"Inveniam viam aut faciam" : I will either
find a way, or I shall make one
SECURITY - THE
Information security. Hackers,
war-driving, rainbow tables, sql injection, buffer overflows, and many
more terms lend this field an aura of mystique and exoticism. It all
sounds so cool, no wonder people want to get involved, both on the side
of the angels and on the side of the devils. You get this idea of some
battle between good and evil. But is it so? Not always, believe it or
not. There are many instances that are not always clear cut for
everyone, this is where a security practitioner's code of ethics comes
into play, along with a large dose of understanding the issues. Lets
take a look at some things..
Security Tools There are many tools around,
passwords crackers to port scanners, and all the ones in-between. And
we have all heard the stories about how the bad people use these tools
and how bad they are, but are they really? So see, a password cracker
tool can be used by an attacker to find passwords to help attack
systems, while an administrator can use the same tool to perform the
same task to try to prevent this very attack. The point here is that
the tools themselves are not bad, rather the intentions behind there
usage can be.
Ethical Hacking Is there such a thing? I think so.
Many of us have had to do investigations for a company against a staff
member, and in the course of these investigations we may use the exact
same tools and methodology of an attacker. We may even be looking for
the same thing that the attacker is, the difference is one small thing
- we have the permission of the company owners. And that is that. Or is
it? Many people feel that due to pervasive aspects of technology, such
investigations are actually an invasion of the staff member's privacy.
Or even if the corporate policy is airtight enough to dismiss such
concerns, where does the investigation stop? Say you are investigating
a certain issue, and while doing so you come across something else,
what do you do? Let's take that a step further, lets say in the normal
course of investigating a desktop or network fault, you come across
material which is against corporate policy (I state this specifically
because if the material is something which is unlawful, then you have
no choice but to report it)?
Security First off, I do not think there is
such a thing. Security is the enemy of ease of use, users would love a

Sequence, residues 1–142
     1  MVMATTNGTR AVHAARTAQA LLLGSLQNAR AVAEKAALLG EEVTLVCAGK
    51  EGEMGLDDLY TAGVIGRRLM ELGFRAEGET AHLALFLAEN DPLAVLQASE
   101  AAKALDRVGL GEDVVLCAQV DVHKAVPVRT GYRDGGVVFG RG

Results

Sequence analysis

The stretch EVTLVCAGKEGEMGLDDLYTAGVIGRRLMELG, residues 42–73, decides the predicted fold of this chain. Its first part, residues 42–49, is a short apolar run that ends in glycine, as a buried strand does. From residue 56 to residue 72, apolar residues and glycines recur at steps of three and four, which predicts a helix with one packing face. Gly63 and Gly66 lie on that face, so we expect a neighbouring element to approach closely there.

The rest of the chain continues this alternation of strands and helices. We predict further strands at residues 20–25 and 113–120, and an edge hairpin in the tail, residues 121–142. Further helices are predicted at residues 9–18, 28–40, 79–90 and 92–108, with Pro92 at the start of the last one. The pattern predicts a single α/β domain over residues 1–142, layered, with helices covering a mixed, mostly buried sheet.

system where everyone just access whatever they need without having to
worry about pesky passwords or overly-restrictive access rights. To
some users this is the ultimate computer system. But to all the other
people out there either having heart attacks, or wondering what this
company's IP address range is, such a system is an open target. You see
each bit of security generally costs some ease of use, very often each
feature is a new attack vector. For example, passwords - when a good
password policy is put in place it forces users to choose good
passwords and periodically change them, but for users such a system is
just a headache. Now I know I have used examples which are blatantly
obvious, but what about those that are not so obvious? What if you
disallow people to access Google? Do you have a good enough reason to
do this, what security benefit do you get which is worth the cost in
ease of use? This whole question can be very tricky, because very often
we may be the only people who can understand the trade-off.
Disclosure When a security researcher finds a
new vulnerability what should they do? When they tell the vendor, how
long do the wait for the fix before going public to place pressure?
Should they go public? Should a public announcement be made how much
detail should be given? Should the actual exploit code be published?
This whole question is still a hot topic, and will continue to be one
until we have perfect systems. You see security through obscurity does
not work, but it is not responsible to not allow the vendor time to fix
the hole. There is also the view that the public should know, not only
to better secure themselves but also so that they know what products to
use and which not to. Personally I think that keeping all of these
things in mind, but in balance is something that can generally only be
done on a case by case basis, but at the end of the day the public
needs to know where the problems are and how to protect themselves.
Tinkering Should we tinker? Is it right to
bang away on software to see when and how it breaks? Is it right to
even look for vulnerabilities? This is one of those things I think we
will never get away from as long as there or those who would use these
flaws illegally. You see for as long as there are those who will try to
victimize us, there will need to be people to protect us, and those
people will need to know how the bad people operate. Bit of a strange
circle is it not? We need to find the holes in order to protect
ourselves, in this world, what you do not know can hurt you, and if it
is unexpected it can hurt you badly.
These are just some of the fine lines of information security, some of
the issues which security practitioners need to navigate their way
through as they fulfill their duties. There are many others but these
are probably some of the more common ones. There are no clear cut
answers, but the one thing to always keep in mind is to do no harm,
always make sure you can look yourself in mirror. Let me repeat
something I have mentioned previously..
"Let those who hunt monsters, be careful that they themselves
do not become monsters. For when you stare into the abyss,